Why a Dash Of Autism May Be Key To Success
By Nigel Hawkes
Many highly successful people owe their eminence to a small dose of
autism, experts in the condition believe.
Autism is a disabling and alienating disorder, cutting sufferers off
from normal human contact, but milder forms have probably helped
successful scientists and artists to achieve the isolation they need to do their best
Hans Asperger, the Austrian doctor who first described what he
called autistic psychopathy of childhood, said: “It seems that for success in
science or art a dash of autism is essential.” He was describing a set of
peculiarities, now named after him, that set apart some children.
Asperger’s patients were all boys, who often had relations with
similar quirks. They were intelligent, original and good at abstract
thinking, but ploughed their own furrow to the detriment of schoolwork.
They spoke “like little adults”, but were poor listeners, making
little conversational effort. Asperger wondered if the condition he was
observing might be “an extreme variant of male intelligence, of the male
Since his work became widely known, psychiatrists have enjoyed
retrospectively diagnosing figures from the past as having Asperger’s
Syndrome. Among the earliest, says the psychiatrist Lorna Wing, who played a
leading part in making Asperger’s work known, was Brother Juniper, a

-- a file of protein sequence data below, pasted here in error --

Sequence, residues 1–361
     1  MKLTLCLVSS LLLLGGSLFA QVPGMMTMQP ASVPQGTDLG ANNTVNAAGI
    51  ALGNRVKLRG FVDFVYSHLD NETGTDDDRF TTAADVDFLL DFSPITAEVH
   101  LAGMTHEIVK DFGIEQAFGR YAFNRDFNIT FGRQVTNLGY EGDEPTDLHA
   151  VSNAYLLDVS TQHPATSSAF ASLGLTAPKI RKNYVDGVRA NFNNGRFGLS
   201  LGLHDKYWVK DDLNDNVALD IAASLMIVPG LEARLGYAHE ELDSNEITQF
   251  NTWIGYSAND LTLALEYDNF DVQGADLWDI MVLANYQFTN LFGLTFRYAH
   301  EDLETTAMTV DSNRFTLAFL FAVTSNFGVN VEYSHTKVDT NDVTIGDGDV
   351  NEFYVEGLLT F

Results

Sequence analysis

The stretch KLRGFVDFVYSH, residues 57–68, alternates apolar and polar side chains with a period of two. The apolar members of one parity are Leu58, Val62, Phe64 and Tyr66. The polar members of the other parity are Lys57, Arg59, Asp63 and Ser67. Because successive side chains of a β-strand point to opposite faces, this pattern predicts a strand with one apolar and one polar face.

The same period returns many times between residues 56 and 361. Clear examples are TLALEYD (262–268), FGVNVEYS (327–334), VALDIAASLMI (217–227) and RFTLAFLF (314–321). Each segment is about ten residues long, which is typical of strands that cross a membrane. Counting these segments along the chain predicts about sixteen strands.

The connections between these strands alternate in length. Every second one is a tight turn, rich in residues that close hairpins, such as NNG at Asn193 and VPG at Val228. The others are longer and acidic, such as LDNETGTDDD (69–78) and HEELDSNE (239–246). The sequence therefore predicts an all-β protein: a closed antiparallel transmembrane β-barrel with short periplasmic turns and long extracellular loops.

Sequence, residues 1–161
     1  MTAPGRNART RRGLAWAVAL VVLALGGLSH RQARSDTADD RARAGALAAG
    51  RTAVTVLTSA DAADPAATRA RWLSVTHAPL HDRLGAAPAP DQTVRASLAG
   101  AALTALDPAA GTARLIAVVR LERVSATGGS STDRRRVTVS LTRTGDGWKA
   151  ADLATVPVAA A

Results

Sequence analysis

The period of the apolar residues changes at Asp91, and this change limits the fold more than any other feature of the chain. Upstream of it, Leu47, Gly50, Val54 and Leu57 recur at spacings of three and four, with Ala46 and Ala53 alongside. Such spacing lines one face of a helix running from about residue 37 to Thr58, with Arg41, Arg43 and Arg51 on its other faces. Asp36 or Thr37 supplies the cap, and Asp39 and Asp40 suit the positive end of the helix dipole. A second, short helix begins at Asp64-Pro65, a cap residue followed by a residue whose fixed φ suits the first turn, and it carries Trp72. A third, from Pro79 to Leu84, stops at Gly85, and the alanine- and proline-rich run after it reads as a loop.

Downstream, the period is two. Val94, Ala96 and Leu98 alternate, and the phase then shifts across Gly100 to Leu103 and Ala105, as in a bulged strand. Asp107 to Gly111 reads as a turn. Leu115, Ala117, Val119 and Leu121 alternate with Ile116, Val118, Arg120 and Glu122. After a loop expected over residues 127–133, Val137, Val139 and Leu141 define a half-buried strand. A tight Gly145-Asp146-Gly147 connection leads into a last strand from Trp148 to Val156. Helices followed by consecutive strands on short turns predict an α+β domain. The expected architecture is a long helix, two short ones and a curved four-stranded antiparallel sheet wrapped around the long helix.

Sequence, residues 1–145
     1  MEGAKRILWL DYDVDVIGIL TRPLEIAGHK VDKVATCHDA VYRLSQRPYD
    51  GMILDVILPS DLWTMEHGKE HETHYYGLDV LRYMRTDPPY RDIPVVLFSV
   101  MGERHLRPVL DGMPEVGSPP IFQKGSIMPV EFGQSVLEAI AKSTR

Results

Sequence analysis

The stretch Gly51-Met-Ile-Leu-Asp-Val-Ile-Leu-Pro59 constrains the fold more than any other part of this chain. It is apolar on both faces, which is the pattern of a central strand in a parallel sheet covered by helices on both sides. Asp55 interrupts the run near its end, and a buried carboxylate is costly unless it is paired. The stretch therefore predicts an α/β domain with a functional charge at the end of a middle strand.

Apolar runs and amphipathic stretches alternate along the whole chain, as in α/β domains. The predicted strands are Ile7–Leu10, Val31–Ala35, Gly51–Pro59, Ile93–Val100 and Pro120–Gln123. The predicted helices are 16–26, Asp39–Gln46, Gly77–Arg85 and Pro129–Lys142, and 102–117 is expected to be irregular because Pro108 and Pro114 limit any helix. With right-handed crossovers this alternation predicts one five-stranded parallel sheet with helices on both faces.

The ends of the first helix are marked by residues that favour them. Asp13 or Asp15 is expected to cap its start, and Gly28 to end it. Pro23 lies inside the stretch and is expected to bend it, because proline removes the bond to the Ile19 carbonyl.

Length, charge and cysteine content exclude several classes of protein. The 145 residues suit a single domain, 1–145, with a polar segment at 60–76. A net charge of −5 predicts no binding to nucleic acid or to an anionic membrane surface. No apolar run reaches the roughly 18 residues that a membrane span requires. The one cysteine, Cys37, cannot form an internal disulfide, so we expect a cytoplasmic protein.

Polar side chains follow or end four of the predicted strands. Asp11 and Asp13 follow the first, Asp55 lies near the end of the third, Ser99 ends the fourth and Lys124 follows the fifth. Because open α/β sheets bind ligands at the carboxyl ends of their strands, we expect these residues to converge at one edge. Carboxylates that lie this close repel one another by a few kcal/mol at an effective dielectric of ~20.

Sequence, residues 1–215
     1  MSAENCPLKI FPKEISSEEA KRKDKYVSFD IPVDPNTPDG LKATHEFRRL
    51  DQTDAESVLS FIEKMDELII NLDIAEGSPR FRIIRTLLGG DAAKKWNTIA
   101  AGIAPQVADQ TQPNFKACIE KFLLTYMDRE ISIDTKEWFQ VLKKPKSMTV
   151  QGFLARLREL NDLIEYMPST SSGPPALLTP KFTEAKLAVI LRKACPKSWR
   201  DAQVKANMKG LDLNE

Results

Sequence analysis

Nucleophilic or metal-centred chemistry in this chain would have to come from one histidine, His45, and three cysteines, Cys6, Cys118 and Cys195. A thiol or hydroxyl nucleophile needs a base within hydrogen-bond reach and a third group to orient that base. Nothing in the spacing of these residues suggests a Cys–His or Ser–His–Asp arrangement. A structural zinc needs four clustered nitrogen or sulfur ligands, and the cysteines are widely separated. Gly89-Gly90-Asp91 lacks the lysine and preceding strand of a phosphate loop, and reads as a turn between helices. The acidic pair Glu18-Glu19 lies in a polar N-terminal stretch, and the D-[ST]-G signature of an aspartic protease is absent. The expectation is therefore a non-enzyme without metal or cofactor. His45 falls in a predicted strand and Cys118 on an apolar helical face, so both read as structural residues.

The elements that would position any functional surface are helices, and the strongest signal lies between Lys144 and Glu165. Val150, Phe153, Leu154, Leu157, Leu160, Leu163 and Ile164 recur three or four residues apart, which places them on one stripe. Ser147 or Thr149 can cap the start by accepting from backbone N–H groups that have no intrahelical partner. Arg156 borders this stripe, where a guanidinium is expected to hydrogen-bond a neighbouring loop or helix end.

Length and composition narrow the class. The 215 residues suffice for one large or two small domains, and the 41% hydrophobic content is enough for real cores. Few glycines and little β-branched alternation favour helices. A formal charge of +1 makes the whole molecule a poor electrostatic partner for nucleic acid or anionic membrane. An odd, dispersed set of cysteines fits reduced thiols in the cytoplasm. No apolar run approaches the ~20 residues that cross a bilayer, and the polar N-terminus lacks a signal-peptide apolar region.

follower of St Francis of Assisi. He displayed the literalness of mind
often seen in autism.
Urged to give up his earthly goods to the poor, he stripped and handed
over all his clothes. A classic Asperger’s sufferer was Henry Cavendish, an 18th-century aristocrat and scientist, who gave his name to the Cavendish Laboratory at Cambridge. His most important discovery was hydrogen.
He was such a perfectionist that he published only those results that
satisfied him completely, and was so reluctant to make contact with others
that he built his library four miles from his home.
His female servants were told to keep out of sight on pain of dismissal. To avoid talking to them, he ordered his dinner by means of a note placed on the hall table.
The philosopher Ludwig Wittgenstein did not speak until he was four. He hated school, and did poorly there. He said that his inability to recognise another’s humanity was exactly like somebody listening to a foreign language he did not understand.
Yet Wittgenstein had a towering intellect which enabled him to write
his philosophical work Tractatus Logico-Philosophicus while serving with
the Austrian Army in the First World War. His relations with others were often
strained. On a visit to the United States he was offered rye bread and
cheese for his first lunch. He ate the same thing during his entire stay.
To Dr Wing, such examples emphasise how the isolating effects of
Asperger’s Syndrome can be turned to advantage by those who also have the
intelligence for intellectual pursuits. Other candidates for retrospective
diagnosis, she suggests, include Albert Einstein and the composer Erik
Satie. Others have nominated the Canadian pianist Glenn Gould, a genius of
the keyboard, who retired from the concert stage at 31 and thereafter
played only in the recording studio. He used the telephone as a lifeline, talking
on it to people for hours at a time, enabling him to carry on relationships
without having to meet people.
The artist Andy Warhol, described by some who knew him as “socially inept”, also hated change, a common feature of autistic people. Some have seen in his repeated images the obsessive preoccupations found in people with Asperger’s Syndrome.
Copyright 2001 Times Newspapers Ltd.